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September in the Rain (1937)

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Origin and Chart Information

Although Shearing’s version of the song only made it to number 25 on the Billboard chart, his album introducing “the Shearing sound” was an international million-seller and linked the song to his name forever.

- Sandra Burlingame

Rank 274
Music Harry Warren
Lyrics Al Dubin

James Melton, who went on to become the lead tenor at the New York Metropolitan Opera, introduced “September in the Rain” in the 1937 film Melody for Two. The slim plot of the film features Melton and co-star Patricia Ellis as rival band leaders, who eventually kiss and make up. Composer Harry Warren and lyricist Al Dubin, who wrote the songs for the film, had actually written “September in the Rain” for an earlier and even more obscure film starring Melton, 1935’s Stars Over Broadway. It was apparently cut from the earlier film, although some sources still credit its appearance in the movie.

 

More on Al Dubin at JazzBiographies.com
 
 

More on Harry Warren at JazzBiographies.com
 

“September in the Rain” frequently appeared on the radio show Your Hit Parade between 1935 and 1940, and it charted several times:

  • Guy Lombardo and His Royal Canadians (1937, 16 weeks, four weeks at #1)
  • James Melton with Bobby Dolan’s Orchestra (1937, two weeks, rising to #16)
  • Rhythm Wreckers (1937, vocal by Pauline Byrne with Muggsy Spanier on cornet, #19)
  • Sam Donahue and His Orchestra (1948, vocal by Bob DuRant, Tak Takvorian & Ralph Osborne, 1 week at #26)
  • George Shearing Quintet (1949, one week at #25)
 

Chart information used by permission from
Joel Whitburn's Pop Memories 1890-1954
 

Pianist George Shearing titled his 1949 debut recording for MGM September in the Rain. Although his version of the song only made it to number 25 on the Billboard chart, his album introducing “the Shearing sound” was an international million-seller and linked the song to his name forever.

The song appeared as the title cut of a 1937 cartoon in which product label characters came to life and sang popular songs. “September in the Rain” was sung by a caricature of Al Jolson. Author Peter J. Levinson also titled his biography of Nelson Riddle September in the Rain.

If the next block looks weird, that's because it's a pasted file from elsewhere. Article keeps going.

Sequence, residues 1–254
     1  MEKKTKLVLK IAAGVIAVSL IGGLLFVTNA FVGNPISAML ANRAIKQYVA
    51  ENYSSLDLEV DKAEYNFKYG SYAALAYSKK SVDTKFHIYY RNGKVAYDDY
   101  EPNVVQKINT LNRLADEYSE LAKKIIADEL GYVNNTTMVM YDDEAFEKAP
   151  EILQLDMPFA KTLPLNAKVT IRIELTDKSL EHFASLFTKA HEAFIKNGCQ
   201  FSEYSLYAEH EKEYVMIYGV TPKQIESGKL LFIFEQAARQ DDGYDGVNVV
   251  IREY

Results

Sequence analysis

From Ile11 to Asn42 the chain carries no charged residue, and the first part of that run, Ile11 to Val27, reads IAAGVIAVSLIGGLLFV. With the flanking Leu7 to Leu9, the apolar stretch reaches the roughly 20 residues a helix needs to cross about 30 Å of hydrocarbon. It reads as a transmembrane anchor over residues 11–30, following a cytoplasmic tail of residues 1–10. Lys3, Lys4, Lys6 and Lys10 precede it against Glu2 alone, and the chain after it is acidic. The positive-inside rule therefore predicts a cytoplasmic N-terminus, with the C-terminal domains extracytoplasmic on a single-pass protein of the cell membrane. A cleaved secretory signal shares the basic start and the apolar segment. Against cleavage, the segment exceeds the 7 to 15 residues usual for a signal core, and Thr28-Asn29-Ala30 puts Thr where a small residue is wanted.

In The Poets of Tin Pan Alley, Philip Furia says, “Even a song that could easily have become a sentimental paean to ‘yesterdays,’ ‘September in the Rain’ has a dynamic melody that Dubin matches with vivid imagery and rhythmic phrasing.... Given Warren’s swinging music, however, Dubin followed suit with ‘the leaves of brown came tumbling down--remember? in September--in the rain?’ The image of driving rain makes both leaves and memory more vivid, a vividness intensified by the pounding phrases that prod memory, such as the slangy intensity of ‘the sun went out just like a dying ember,’ not ‘in’ but ‘that September in the rain.’ By the end of the song he has earned his hyperbolic claim, offhandedly phrased, which makes autumnal memory more vivid than vernal present:

Though spring is here,
to me it’s still September.”

Frankie Laine had a hit with the tune, and Dinah Washington took it to #21 on the charts in 1961. The song has been recorded by pianist John Lewis with Lester Young, altoist Charlie Parker, violinist Stephane Grappelli, vocalists Chris Connor and Sarah Vaughan, pianist Dorothy Donegan, and bassist Milt Hinton. Recent recordings are by vocalists Diane Schuur, Janis Mann, Wesla Whitfield, and Kelley Johnson; trumpeters Roy Hargrove and Terell Stafford; guitarist John Pizzarelli; and saxophonist David Murray.

- Sandra Burlingame

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Reading and Research
Additional information for "September in the Rain" may be found in:

Thomas S. Hischak
The American Musical Film Song Encyclopedia
Greenwood Press
Hardcover: 536 pages


(1 paragraph including the following types of information: summary and performers.)

Thomas S. Hischak
The Tin Pan Alley Song Encyclopedia
Greenwood Press
Hardcover: 552 pages


(1 paragraph including the following types of information: history and performers.)

Robert Gottlieb, Robert Kimball
Reading Lyrics
Pantheon
Hardcover: 736 pages


(Includes the following types of information: song lyrics.)
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Musician's Comments
Reading & Research

Jazz History Notes
By the Same Writers...

Jazz History Notes

Chicago-born cornetist Muggsy Spanier honed his skills as a youth in the Windy City in the 1920s. The simple, direct method of playing by cornetists Joe “King” Oliver and Louis Armstrong inspired Spanier and became his lifetime trademark. Muggsy’s 1944 treatment of “September in the Rain” turned the tune from an insipid ballad into a rollicking Chicago jazz vehicle.

Tenor saxophonist Don Byas was part of the buzzing scene on 52nd Street when bebop was overtaking swing as the jazz medium. His sound was rooted in the heavy-toned, Coleman Hawkins-Ben Webster approach, but his phrasing was much more fleet-footed, akin to what Charlie Parker was doing on alto. He glides effortlessly on a mostly double-time solo on his 1946 Savoy Records recording of “September in the Rain.”

Chris Tyle - Jazz Musician and Historian


Muggsy Spanier
Masters of Classic Jazz: The Trumpet
Soundies Records 4131

iTunes
Don Byas
Savoy Jam Party: The Savoy Sessions
Savoy Jazz 268

iTunes
Written by the Same Composer(s)...
This section shows the jazz standards written by the same writing team.

Al Dubin and Harry Warren

Year Rank Title
1934 191 I Only Have Eyes for You
1937 274 September in the Rain
1935 581 Lulu's Back in Town
1932 770 You're Getting to Be a Habit with Me
1936 839 Summer Night
1934 844 I'll String Along with You
1935 992 Lullaby of Broadway

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